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Archived: Richmond House

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Inspection report

Date of Inspection: 16 April 2013
Date of Publication: 22 May 2013
Inspection Report published 22 May 2013 PDF | 80.26 KB

People should be treated with respect, involved in discussions about their care and treatment and able to influence how the service is run (outcome 1)

Meeting this standard

We checked that people who use this service

  • Understand the care, treatment and support choices available to them.
  • Can express their views, so far as they are able to do so, and are involved in making decisions about their care, treatment and support.
  • Have their privacy, dignity and independence respected.
  • Have their views and experiences taken into account in the way the service is provided and delivered.

How this check was done

We looked at the personal care or treatment records of people who use the service, carried out a visit on 16 April 2013, observed how people were being cared for and talked with people who use the service. We talked with carers and / or family members and talked with staff.

Our judgement

People’s views and experiences were taken into account in the way the service was provided and delivered in relation to their care.

Reasons for our judgement

During our inspection we spoke with the manager, three people who lived at Richmond House, three members of staff, and two relatives who were contacted after the inspection. People who lived at the home told us the home was "nice” and one relative said “I couldn’t wish for a better place”.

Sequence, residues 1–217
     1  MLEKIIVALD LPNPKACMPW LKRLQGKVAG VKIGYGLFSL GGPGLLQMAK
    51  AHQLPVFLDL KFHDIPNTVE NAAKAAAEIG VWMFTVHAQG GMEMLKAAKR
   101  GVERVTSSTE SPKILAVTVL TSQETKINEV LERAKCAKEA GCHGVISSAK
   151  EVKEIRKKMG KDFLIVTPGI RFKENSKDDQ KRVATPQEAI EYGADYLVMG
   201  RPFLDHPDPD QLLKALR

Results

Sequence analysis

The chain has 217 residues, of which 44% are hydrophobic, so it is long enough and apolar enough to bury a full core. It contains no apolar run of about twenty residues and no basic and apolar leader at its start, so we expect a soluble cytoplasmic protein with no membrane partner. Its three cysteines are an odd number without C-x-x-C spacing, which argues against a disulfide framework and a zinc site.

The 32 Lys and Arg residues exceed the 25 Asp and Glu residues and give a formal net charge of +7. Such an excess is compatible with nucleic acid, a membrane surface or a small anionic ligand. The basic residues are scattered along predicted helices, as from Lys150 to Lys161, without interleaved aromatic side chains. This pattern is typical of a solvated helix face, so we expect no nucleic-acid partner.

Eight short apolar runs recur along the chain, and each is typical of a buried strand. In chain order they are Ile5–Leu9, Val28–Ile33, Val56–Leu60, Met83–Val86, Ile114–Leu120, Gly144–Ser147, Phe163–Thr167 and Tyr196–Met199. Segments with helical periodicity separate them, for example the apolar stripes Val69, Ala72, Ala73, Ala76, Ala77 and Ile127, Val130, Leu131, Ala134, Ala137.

We observed staff talking with the people that were in the home in a respectful manner and gave the people who lived at Richmond House time to express themselves. One member of staff told us they had been able to develop good relationships with the individuals that lived at the home.

We observed staff support people when they returned home on the day of the inspection. One person told us the staff “help you to cook”. The manager explained that the people who lived at Richmond House had decided to share responsibilities for cooking the evening meals. This had been respected and we saw a menu plan in the kitchen which identified who would be cooking on a specific day.

One member of staff we spoke with explained that they felt it was important to respect the privacy and choices people made regarding their bedrooms. Each person had been asked if staff were able to enter their room when the person was out. The people who lived at Richmond House had also been asked if they would like support keeping their rooms clean and tidy. The signed consent forms were held in the person’s care plan and had been signed by the person and a member of staff.

One person invited us to see their bedroom, the new furniture had been chosen by the person who told us where they had purchased it from. One relative felt the recent improvements to the person’s bedroom had made a “huge difference” to the person. We looked at all of the bedrooms and saw that all of the rooms were individually personalised to varying degrees.

During our inspection people spent time in the lounge, kitchen and/or in their bedrooms. We observed people had keys to the main door. This indicated people felt at ease in the home and there were no restrictive routines.

During the inspection the manager explained that people who lived at the home were able to go on holiday and staff supported this. On the day of inspection we were told that one person was on holiday in a location they had chosen. We spoke with the person’s relative after the inspection and they stated that the person was “really enjoying” their holiday. One person who was in the home told us they had been to a holiday park and picked up a leaflet so as they could decide if that was were they wanted to spend their time.